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Just Cause

Knickerbocker

Jonathan Marc Sherman's intermittently affecting new play concerns a 40-year-old man facing fatherhood for the first time.

By New York City
Alexander Chaplin and Mia Barron in Knickerbocker
(© Carol Rosegg)
Alexander Chaplin and Mia Barron in Knickerbocker
(© Carol Rosegg)
In Jonathan Marc Sherman's intermittently affecting Knickerbocker, now at the Public Theater under Pippin Parker's unobtrusive direction, the playwright is apparently following the old "write about what you know" dictum in penning this work about a 40-year-old man facing fatherhood for the first time.

Such an approach can sometimes mean authors are tapping into universal truths. As it happens this time, though, Sherman sticks too much to the thoroughly self-involved. The result is a comic drama that will be most appreciated by expectant dads and their spouses--as well as couples recollecting their recent child-bearing past.

In a series of short scenes spanning a period of six months -- all set in the Greenwich Village restaurant that gives the play its title -- Jerry (Alexander Chaplin) compulsively tries to come to terms with his wife Pauline (the appealing Mia Barron) coming to term. He unburdens himself of how unready he's feeling to not just the patient Pauline, but best friends Melvin (Ben Shenkman, authoritative) and Chester (amusingly itchy Zak Orth), ex-girlfriend Tara (lissome Christina Kirk), and dad Raymond (Bob Dishy, always reliable).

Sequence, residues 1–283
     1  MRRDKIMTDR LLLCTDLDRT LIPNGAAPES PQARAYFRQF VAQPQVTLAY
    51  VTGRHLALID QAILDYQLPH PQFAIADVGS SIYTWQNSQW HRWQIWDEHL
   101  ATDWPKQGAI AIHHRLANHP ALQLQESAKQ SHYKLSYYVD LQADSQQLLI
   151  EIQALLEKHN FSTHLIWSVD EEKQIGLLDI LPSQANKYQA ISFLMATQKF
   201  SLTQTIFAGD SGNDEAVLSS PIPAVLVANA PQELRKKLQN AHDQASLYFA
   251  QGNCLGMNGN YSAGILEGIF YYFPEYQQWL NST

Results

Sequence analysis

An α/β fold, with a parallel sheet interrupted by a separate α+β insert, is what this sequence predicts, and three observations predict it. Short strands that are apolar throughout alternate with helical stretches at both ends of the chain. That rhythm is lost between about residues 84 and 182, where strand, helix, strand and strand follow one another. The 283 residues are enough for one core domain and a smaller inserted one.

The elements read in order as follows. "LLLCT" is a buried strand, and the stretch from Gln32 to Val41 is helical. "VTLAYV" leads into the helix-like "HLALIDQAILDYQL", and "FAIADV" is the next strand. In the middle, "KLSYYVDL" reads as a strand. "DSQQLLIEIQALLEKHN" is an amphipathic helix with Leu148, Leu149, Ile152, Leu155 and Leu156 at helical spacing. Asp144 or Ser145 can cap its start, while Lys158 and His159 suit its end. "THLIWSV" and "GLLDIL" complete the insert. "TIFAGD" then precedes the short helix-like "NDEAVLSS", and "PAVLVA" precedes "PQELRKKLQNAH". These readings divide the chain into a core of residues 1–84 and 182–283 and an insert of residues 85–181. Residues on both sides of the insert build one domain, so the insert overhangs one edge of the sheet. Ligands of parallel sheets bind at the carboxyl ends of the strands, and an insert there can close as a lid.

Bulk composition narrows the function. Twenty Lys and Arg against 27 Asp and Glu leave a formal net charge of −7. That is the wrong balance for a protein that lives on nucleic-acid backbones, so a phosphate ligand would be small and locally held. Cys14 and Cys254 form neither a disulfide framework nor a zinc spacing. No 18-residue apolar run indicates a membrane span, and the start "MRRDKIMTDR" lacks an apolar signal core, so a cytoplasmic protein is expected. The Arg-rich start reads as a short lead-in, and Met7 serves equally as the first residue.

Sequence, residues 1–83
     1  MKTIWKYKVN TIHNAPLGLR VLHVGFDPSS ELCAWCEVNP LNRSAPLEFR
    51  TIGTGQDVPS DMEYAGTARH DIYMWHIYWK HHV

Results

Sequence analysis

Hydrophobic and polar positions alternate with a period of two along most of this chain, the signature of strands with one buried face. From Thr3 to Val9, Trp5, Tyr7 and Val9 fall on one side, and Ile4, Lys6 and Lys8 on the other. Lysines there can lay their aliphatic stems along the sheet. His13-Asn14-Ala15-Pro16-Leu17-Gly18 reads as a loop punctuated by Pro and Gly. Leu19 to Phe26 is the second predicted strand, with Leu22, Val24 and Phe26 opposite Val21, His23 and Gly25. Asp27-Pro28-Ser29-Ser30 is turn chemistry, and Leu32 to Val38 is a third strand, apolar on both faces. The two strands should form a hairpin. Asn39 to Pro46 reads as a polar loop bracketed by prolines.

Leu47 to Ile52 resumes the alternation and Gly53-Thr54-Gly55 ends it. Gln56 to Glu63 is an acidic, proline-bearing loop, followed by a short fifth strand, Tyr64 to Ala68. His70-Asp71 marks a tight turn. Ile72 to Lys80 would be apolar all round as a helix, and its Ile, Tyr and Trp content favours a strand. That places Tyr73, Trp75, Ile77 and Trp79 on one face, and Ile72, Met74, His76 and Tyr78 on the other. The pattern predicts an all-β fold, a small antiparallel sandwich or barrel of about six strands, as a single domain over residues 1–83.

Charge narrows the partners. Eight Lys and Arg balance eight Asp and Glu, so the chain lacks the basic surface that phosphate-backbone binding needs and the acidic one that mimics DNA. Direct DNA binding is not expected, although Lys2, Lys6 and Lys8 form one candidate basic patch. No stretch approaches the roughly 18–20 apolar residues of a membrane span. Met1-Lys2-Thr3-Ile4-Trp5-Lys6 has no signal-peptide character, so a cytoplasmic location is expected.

Among the various angles broached are the happily realistic Melvin's attempts to reassure his pal that uncertainty is natural considering the impossibility to describe what's in store, as well as Chester's contention that Jerry's first mistake was marrying Pauline.

Several of the discussions, however, become quickly tiresome because too many of the subjects discussed have only personal resonance for the characters. Jerry's habit of querulously challenging much of what his tete-a-tete partners have to say is wearying, and Chaplin doesn't help matters by the endless times he emphasizes his goading points by poking an index finger on that tolerant Knickerbocker table. Moreover, some of Jerry's one-on-ones lead a spectator to wonder over time why Pauline puts up with Jerry's unrelenting foolishness.

There is one scene that does work particularly well: Jerry's meeting with dad Raymond, during which the pair have a believable give-and-take. Raymond not only talks about his parental pride; he even alludes to his sexual history -- information from which Jerry unsurprisingly retreats.

It's possible that Sherman wants to show that Jerry's mounting worries about his ability to be a good dad are unintentionally souring his closet relationships; but he doesn't follow through on that observation with any convincing dramatic development.


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